I hope I am getting the importance of this point across. For the electrical stimulation via the acupuncture needles, the needles were placed in two acu-points (Yang Ling Quan, GB34; Zu san li, ST36) which happen to be close to two nerves, the superficial fibular nerve and deep fibular nerve. Given the electrophysiology of muscles and nerves, it is not at all surprising that stimulating either with electrical current will lead to physiological effects. For instance, transcutaneous electrical nerve stimulation, TENS, is a modality which works on those basic principles and shows analgesic effect, even if the mechanistic explanations and evidence for its efficacy are still emerging, and the observed effects may be somewhat non-specific. Similarly, electrical muscle or neuromuscular stimulations have resulted in changes in oxidative enzyme activity, skeletal muscle fiber type and size, even if the heterogeneity of reported studies and study quality made drawing a conclusion difficult. The point is, these electrical stimulation modalities did not need any Eastern mystical mumbo-jumbo, Qi and whatnot, to launch into these investigations.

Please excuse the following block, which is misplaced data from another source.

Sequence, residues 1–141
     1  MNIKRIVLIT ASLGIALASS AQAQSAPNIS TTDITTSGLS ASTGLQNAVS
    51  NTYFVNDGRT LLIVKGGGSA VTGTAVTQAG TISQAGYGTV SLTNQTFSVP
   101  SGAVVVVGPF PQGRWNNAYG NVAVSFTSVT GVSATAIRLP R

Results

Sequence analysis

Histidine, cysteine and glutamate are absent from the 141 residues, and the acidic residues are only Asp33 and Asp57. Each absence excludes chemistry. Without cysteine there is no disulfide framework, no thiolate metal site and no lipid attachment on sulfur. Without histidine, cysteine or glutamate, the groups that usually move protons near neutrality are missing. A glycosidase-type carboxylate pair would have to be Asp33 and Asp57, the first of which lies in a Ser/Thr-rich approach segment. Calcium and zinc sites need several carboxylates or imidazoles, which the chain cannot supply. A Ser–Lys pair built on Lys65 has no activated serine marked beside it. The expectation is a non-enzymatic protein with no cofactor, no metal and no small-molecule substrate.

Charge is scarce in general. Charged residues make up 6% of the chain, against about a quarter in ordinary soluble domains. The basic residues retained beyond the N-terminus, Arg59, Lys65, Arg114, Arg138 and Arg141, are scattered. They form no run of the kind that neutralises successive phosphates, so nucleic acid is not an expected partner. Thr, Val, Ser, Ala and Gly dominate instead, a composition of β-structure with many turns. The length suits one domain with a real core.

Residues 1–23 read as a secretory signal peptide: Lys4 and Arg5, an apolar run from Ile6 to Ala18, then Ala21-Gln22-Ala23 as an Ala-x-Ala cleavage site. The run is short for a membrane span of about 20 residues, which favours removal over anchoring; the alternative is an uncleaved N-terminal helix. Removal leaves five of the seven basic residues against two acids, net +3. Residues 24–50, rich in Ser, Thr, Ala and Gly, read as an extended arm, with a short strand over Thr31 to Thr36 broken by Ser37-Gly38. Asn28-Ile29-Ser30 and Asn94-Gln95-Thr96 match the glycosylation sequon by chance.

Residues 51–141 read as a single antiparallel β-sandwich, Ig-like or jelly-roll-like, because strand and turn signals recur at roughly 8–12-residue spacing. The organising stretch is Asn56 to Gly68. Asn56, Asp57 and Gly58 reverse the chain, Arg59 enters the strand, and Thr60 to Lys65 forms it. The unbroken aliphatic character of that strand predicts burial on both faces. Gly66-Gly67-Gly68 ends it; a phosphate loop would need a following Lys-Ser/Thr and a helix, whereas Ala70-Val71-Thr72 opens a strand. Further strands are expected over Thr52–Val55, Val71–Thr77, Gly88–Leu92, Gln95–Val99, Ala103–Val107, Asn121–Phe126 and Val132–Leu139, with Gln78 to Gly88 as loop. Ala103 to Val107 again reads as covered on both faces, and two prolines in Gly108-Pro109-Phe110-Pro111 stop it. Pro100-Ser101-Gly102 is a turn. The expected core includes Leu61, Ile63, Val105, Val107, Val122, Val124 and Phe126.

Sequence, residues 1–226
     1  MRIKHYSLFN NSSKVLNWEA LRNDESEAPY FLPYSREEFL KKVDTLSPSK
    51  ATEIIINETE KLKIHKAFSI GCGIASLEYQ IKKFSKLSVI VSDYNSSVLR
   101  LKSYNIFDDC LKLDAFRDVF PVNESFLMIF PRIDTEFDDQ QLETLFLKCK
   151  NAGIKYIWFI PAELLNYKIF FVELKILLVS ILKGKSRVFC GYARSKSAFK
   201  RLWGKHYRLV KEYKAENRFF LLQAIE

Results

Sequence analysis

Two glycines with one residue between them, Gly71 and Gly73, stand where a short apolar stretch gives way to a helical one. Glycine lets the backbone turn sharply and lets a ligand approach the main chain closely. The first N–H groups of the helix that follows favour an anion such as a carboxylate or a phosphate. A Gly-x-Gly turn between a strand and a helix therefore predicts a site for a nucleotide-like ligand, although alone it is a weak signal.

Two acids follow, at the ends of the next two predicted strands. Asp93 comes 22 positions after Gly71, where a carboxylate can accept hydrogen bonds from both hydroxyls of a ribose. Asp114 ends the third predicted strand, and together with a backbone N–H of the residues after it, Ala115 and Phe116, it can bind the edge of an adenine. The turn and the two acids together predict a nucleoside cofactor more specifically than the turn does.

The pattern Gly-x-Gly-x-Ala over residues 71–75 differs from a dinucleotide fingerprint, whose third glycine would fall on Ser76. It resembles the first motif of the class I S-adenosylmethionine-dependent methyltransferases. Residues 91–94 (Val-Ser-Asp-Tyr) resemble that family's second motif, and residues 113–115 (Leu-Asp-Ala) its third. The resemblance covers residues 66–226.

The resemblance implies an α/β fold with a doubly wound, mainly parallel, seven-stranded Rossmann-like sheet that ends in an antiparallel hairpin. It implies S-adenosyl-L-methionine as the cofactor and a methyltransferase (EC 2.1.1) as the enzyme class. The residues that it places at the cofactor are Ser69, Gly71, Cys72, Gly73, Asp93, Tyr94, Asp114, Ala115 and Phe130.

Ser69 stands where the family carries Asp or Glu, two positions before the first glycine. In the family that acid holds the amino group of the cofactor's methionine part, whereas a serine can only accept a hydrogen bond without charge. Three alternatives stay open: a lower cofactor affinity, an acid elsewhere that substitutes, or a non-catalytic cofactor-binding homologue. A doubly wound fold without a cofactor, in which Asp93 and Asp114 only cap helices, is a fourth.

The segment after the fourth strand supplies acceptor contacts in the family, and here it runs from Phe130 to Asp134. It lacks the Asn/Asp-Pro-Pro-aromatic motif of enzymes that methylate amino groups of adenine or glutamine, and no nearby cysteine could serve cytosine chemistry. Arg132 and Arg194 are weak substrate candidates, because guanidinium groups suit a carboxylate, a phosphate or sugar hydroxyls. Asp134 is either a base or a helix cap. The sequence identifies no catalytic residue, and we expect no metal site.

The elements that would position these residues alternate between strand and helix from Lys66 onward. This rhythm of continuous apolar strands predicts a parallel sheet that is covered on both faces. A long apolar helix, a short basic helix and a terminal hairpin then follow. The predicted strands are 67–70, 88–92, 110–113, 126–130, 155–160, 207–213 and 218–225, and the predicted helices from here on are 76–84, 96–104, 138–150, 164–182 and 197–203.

It is not possible to answer these questions about the specific effect of any acupuncture modality without using proper controls in the studies. So… How is it possible that none of the peer reviewers or the assigned editor at PLOS One caught the methodological and analytical lacuna in this published study?
This is, of course, not the first time I raised concerns an acupuncture study published in PLOS One; I chronicles my concerns in a blog post, and also communicated with the authors via the Readers’ Comments section at the PLOS One site; the senior author responded, but as I have outlined, the reply was not satisfactory by a long shot.